Uncertain Future of Iraq

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By: Sargon Sapper
March 8, 2015
The Iraqis whose lives were devastated by the conduct of a dictatorial regime were happy to see Saddam Hussein gone. Following the removal of the brutal dictator in 2003, all Iraqis – whether Shiite or Sunni, Kurd, Assyrian, Yezidi or Turk – hoped for lasting political solutions to the internal problems each group faced. There was hope that Iraq, without regard for religious or any other affiliation, would be democratically shaped and transformed into a new and secular state; and, that this new state would serve all people equally (including ethnic minorities) and advocate for reconciliation between the groups, human rights, civil liberties and justice for all. Instead, none of those hopes came true, and the Iraqi people were left with a weak state, led by the most corrupt regime in the world. Sadly, since the time of Saddam’s removal, the Iraqi people have faced dire suffering
Following the U.S.-led invasion in 2003, Iraq became the front line for the worst fighting between the two armed Muslim sectarian groups. While the internal discord continues in Iraq, the sectarian violence and bloodshed between Shiite and Sunni religious groups threatens to rip the country apart. Many Iraqis sense that the country is plunging into a civil war. Although Iraq has the capacity and the resources to become a successful state in a short period time, the inequality in distribution of resources and centralization power only serve to create an even greater ethnic division.
Mounting economic hardships and frustration over poor governance have given rise to greater radicalization. As a result, violence between various sectarian groups is escalating. The sectarian differences are likely to result in further conflict. The situation is critical and deteriorating by the day, and, while the complexities of the internal ethnic divisions are difficult, they are not likely to disappear any time soon. Making matter worse, the Iraqi track record in dealing with sectarian conflicts, terrorists and militants is a complete failure. The central problem for Iraq is that there is a great disagreement among the various groups about what the new Iraq should look like. Since Iraq has not been able to address the needs of the groups, the government is likewise unable to meet the urgent needs of the people. It is easy to unite the people in opposition facing a common threat, but the unity will only last between them as long as there is a threat.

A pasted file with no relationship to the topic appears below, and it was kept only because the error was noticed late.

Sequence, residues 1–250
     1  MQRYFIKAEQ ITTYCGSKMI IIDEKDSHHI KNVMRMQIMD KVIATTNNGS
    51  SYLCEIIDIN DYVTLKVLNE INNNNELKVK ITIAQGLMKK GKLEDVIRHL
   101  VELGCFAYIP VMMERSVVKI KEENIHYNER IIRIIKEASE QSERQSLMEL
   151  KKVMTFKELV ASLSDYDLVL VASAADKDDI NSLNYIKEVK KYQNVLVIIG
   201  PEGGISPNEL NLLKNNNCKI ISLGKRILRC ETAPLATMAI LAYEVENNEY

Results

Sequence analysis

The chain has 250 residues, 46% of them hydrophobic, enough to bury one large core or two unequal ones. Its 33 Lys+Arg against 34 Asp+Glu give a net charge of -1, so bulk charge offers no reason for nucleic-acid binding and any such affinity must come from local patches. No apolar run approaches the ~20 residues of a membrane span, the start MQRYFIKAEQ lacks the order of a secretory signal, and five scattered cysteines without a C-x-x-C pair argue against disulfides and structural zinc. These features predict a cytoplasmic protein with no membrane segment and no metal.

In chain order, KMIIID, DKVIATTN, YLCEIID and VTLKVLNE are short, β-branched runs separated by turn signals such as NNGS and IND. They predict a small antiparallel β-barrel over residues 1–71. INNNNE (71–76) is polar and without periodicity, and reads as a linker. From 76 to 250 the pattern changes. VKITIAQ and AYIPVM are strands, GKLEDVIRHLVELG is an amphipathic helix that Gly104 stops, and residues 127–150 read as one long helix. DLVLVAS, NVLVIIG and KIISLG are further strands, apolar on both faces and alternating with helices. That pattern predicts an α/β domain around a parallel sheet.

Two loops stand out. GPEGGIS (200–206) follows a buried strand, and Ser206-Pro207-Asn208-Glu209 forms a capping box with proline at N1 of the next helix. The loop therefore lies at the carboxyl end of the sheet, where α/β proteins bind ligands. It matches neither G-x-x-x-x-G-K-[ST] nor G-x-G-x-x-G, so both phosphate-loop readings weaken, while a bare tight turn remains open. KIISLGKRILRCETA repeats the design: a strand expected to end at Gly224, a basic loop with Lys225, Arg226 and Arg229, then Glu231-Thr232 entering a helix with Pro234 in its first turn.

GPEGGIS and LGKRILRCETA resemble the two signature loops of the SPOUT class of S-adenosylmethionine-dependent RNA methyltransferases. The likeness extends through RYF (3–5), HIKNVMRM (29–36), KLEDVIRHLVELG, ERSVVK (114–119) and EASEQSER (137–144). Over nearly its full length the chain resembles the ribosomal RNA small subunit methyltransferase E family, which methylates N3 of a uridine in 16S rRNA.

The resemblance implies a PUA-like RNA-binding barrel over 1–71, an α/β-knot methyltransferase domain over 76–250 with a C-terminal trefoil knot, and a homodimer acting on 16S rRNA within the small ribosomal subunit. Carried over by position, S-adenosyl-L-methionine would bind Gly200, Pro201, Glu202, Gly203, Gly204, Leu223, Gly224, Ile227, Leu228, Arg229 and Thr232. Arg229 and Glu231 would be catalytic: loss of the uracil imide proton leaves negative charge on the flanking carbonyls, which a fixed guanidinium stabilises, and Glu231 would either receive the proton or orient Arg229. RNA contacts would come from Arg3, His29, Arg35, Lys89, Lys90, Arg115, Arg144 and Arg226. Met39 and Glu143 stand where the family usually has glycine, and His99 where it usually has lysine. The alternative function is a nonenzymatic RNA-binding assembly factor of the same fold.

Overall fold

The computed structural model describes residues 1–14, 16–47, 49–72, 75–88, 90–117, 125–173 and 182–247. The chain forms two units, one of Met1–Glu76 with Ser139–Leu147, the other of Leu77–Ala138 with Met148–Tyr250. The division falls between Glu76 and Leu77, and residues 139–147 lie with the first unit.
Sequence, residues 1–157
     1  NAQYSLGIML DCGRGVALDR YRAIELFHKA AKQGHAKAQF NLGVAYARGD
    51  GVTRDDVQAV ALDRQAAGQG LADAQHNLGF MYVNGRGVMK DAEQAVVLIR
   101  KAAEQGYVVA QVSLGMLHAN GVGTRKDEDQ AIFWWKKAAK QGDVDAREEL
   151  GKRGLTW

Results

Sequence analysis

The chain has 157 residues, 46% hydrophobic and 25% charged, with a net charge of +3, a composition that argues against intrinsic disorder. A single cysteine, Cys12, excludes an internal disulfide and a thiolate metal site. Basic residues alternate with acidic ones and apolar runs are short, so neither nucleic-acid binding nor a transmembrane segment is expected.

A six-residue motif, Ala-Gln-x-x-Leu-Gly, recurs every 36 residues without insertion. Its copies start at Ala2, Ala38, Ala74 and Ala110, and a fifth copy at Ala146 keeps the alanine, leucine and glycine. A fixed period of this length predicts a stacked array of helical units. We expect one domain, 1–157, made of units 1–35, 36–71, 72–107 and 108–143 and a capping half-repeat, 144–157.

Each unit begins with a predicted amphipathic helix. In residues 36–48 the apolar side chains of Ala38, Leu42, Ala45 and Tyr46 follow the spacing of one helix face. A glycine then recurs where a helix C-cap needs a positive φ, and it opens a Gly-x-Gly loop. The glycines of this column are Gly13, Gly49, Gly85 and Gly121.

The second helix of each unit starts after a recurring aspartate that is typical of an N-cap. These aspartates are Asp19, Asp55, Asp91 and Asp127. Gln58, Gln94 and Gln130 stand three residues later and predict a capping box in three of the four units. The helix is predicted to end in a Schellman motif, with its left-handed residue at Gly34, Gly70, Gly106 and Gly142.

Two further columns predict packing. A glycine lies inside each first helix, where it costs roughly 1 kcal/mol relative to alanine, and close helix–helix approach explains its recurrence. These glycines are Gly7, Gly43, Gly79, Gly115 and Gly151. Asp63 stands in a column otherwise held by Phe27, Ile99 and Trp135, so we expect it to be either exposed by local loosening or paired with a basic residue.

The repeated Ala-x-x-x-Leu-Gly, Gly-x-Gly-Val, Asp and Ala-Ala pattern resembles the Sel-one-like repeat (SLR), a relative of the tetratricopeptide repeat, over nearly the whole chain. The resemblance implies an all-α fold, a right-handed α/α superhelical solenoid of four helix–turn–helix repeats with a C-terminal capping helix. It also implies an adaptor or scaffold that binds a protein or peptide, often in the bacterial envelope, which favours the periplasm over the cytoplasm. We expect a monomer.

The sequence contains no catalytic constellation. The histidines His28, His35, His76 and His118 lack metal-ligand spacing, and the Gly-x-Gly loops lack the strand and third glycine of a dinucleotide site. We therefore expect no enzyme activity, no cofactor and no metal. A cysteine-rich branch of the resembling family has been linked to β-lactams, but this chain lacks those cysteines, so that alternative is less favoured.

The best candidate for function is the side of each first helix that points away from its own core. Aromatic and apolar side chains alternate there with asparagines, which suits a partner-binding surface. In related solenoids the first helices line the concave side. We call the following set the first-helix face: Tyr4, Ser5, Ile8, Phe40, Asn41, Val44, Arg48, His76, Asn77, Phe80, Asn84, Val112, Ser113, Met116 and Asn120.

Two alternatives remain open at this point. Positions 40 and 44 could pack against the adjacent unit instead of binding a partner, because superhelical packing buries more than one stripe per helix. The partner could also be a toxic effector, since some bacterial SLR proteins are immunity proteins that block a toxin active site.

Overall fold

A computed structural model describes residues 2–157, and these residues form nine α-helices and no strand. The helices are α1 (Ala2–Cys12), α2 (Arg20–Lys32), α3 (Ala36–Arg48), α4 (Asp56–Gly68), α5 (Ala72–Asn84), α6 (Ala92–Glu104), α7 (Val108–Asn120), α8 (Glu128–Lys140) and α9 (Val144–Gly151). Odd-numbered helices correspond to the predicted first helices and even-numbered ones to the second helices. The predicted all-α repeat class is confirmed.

The problem in Iraq has been and still is how to unite the people of different identities. The Iraqi people are disappointed and angry at the government for widespread financial and administrative corruption, and neglecting its main responsibility – to secure a safe, stable and peaceful state. For Iraq to avoid collapse, move forward in the right direction, and in favor of all the people, it has to evaluate its past priorities and establish new ones for its future.
The main priority should be keeping Iraq united, eradicating the terrorists and rescuing the country. To that end, Iraq must formulate an intensive counter-terrorist strategy that will ensure the war against terrorists can be executed and won. The strategy should also include plans for political, economic, social, administrative, cultural, educational and religious reform. Further, a successful counter-terrorist strategy is not possible without taking control of the areas bordering Iraq’s neighboring countries. The next priority should be dealing with insurgency. Any insurgents affiliated with terrorist groups should be outlawed and disarmed. However, if the insurgents have no affiliation with terrorists their lawful rights should be legislated.
Iraq must also work hard to resist the sustained threat from Iraqi extremist groups that are influenced by the conflicting religious philosophies of the neighboring countries. The fate of the people of Iraq cannot be held in abeyance anymore. The blood of innocent men, women and children cannot be allowed to flow year after year. Failing to address the long-festering sectarian dispute in the country is in no one’s interests.
I have never been an advocate voice for a divided Iraq along the line between the sectarian groups, but I have been among the strongest voices calling for decentralization of the power, and the legislation of the lawful rights for the persecuted ethnic minorities, particularly the right of Assyrian people to enjoy autonomy in a safe region.
After eradicating all terrorist groups and dealing with extremists and sectarianism, in order for Iraq to be a safe, secure, peaceful and an ideal state, Iraq must administratively divide the country into popular sovereignties for Arabs, Kurds, and all ethnic minorities (the Assyrians, the Yezidis and the Turkumans). With 6 to 8 ethno-religious stable regions, Iraq a stable country, and maintaining that stability could be the incentive to stop the sectarian conflict between Shiite Arabs and Sunni Arabs, between Arabs and Kurds, and between Arabs, Kurds and the ethnic minorities.